I think it's fair to say that, in some ways, using the Ultrahuman Ring Air is like being an Early Access gamer on Steam. You're getting an in-progress experience with regular updates and new features, but some are implemented better than others or tinkered with from one day to the next. 

Specific to fitness tracking, smart rings are meant to be fitted closely to your finger at rest, but during workouts, your fingers will swell from increased blood flow, which can in turn skew your results. Ultrahuman's algorithm is meant to combat that, but it'll depend on how well your ring fits. 

I noticed early on during a jog that my Garmin Forerunner 165 showed my heart rate at 140 bpm and the Ultrahuman Ring Air had me clocked in the mid-180s. My final averages were pretty close to those numbers, unacceptably far apart. 

For my second run, I swapped my Ring Air to my smaller left index finger to see if it made a difference, and it did! This time, my averages were 144 bpm for Garmin and 153 bpm for Ultrahuman — still off, but less unreasonably so. The same applies to the estimated caloric burn (410 vs. 470). My hope is that Ultrahuman can continue to improve this algorithm over time. 

The Ultrahuman Ring Air and Garmin Forerunner 965 sitting on a pillow.

(Image credit: Michael Hicks / Android Central)

Because my heart rate workout data is off, Ultrahuman's VO2 Max estimate for me (44) is pretty far off from my Garmin VO2 Max estimate (51). It'll improve with more running data to offset that terrible first impression, but my main point here is that I wouldn't use this smart ring — or any smart ring, really — as a primary source for workout data. It's not designed for it.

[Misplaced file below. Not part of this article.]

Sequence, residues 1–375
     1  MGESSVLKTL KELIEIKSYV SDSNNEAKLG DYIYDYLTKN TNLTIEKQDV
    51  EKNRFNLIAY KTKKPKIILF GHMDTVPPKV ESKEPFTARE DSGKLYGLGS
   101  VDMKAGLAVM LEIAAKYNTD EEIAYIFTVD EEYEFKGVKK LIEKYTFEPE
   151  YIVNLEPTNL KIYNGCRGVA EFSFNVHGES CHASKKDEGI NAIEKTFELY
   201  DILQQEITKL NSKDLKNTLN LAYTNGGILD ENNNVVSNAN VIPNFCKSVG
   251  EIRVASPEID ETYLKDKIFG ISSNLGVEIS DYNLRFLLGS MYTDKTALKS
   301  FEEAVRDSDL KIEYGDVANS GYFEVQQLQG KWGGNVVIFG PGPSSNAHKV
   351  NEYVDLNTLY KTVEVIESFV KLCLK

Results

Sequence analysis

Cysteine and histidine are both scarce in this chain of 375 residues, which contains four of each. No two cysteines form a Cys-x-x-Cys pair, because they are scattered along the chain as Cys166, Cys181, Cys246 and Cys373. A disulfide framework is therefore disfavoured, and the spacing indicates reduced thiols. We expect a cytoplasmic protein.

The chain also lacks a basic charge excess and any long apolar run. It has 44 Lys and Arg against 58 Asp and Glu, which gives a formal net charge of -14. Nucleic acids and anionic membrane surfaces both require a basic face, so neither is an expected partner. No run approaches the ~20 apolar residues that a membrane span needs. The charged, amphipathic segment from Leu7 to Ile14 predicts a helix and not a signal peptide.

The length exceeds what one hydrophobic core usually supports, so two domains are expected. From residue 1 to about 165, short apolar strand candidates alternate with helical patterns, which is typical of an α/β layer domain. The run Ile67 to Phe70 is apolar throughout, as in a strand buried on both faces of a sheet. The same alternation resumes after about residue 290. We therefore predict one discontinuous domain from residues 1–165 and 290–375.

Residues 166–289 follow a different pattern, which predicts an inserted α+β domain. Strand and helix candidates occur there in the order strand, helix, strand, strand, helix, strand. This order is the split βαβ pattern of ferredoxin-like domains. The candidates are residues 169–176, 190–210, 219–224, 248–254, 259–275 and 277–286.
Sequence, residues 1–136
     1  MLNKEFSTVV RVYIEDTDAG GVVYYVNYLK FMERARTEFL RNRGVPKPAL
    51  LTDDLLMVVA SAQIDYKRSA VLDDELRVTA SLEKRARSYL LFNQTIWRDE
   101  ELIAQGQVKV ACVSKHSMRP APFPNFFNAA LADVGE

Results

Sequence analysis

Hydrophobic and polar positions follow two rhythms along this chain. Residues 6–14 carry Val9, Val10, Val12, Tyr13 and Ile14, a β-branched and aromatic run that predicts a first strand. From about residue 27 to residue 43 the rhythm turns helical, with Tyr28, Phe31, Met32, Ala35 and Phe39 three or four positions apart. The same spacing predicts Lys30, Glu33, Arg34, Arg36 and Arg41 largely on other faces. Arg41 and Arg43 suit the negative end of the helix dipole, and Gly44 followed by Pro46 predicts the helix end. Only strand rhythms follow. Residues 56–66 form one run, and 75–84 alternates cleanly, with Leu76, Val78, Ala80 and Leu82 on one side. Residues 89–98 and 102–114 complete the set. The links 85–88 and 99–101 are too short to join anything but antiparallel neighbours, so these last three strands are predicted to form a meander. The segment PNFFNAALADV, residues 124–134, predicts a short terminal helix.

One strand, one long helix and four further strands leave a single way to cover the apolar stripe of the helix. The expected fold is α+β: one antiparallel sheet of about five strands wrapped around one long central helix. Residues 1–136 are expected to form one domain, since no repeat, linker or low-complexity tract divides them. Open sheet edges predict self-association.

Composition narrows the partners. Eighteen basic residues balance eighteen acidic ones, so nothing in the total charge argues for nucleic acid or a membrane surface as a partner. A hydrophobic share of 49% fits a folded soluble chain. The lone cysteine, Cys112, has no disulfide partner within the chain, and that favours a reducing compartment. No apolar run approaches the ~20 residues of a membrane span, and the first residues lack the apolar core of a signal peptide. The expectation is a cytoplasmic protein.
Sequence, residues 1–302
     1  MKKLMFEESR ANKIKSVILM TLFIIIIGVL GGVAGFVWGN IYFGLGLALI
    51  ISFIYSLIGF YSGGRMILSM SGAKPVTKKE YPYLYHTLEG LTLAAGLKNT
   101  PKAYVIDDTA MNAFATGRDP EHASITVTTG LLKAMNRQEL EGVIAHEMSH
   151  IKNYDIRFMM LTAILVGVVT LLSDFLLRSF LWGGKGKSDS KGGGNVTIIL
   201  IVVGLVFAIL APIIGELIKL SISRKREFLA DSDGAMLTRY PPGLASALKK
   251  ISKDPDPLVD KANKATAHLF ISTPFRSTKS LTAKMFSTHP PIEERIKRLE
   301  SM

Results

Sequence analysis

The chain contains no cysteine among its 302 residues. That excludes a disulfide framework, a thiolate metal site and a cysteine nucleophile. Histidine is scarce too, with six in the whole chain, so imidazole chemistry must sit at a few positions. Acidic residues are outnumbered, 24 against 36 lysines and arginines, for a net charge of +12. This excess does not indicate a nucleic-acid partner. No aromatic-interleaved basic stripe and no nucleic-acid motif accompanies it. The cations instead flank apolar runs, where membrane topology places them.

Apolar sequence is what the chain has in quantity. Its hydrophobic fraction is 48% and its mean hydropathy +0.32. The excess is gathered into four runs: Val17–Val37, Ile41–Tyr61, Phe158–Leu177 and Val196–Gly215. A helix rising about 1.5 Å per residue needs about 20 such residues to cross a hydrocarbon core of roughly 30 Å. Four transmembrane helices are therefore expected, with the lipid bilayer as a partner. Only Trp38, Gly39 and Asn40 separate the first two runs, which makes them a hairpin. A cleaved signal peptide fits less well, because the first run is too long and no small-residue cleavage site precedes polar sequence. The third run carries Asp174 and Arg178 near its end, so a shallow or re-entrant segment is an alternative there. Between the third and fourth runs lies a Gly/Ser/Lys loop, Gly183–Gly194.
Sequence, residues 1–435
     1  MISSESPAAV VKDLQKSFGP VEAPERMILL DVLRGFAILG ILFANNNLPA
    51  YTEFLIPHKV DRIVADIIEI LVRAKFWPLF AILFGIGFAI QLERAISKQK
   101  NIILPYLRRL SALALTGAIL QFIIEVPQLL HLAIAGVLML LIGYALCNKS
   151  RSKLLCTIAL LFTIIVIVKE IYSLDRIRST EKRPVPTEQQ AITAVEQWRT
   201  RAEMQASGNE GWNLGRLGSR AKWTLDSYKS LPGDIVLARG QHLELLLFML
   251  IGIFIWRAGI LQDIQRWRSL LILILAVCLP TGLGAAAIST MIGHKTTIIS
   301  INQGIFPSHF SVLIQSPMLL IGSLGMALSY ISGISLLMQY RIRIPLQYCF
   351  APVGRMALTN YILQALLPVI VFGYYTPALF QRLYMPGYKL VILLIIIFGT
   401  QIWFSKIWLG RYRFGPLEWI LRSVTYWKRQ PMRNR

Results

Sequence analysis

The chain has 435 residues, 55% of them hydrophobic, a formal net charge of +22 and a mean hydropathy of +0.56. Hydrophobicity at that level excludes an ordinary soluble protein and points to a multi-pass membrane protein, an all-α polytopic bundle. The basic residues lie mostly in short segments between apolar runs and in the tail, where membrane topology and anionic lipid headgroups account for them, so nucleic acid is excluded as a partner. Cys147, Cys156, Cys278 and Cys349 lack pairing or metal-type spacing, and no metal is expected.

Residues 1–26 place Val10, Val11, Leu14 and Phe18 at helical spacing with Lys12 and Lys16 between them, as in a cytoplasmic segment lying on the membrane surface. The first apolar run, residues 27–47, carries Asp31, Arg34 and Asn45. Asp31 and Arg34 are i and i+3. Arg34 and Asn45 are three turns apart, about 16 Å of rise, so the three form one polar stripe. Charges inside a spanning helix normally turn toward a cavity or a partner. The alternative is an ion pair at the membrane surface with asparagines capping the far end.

I also find that the Ring Air is more prone to false steps from tapping keys or my hand bouncing on my knee than a fitness watch is: I'll get hundreds of steps and a high movement score while working at my desk. Once out for actual walks, it seems to slightly undercount my steps, which usually balances out the earlier false steps. 

For comparison, my Garmin Forerunner 165 — which beat other fitness brands in a step-tracking and HR accuracy test — measured 17,446 steps after nine miles of walking and running, while my Ultrahuman Ring Air hit 18,058 steps. Most of the discrepancy comes from those initial false steps, but you still get a decent sense of how active you were that day. 

I only have one "beta" data point that I'm truly suspicious of: the Ultrahuman Ring Air measures blood oxygen levels overnight, but it's never shown me under 99% and typically shows me at 100%. I'd love for this to be true, but across most of my smartwatch SpO2 tests over the years, I'm typically somewhere between 96–98%. Since Ultrahuman doesn't show an SpO2 graph like it does for heart rates, I don't think I can trust this data.

Hard to find the app data you want

(Image credit: Android Central)

Ultrahuman's app needs work. All of the most useful data is crammed into submenus on the main tab, and it's not always clear where to find specific data.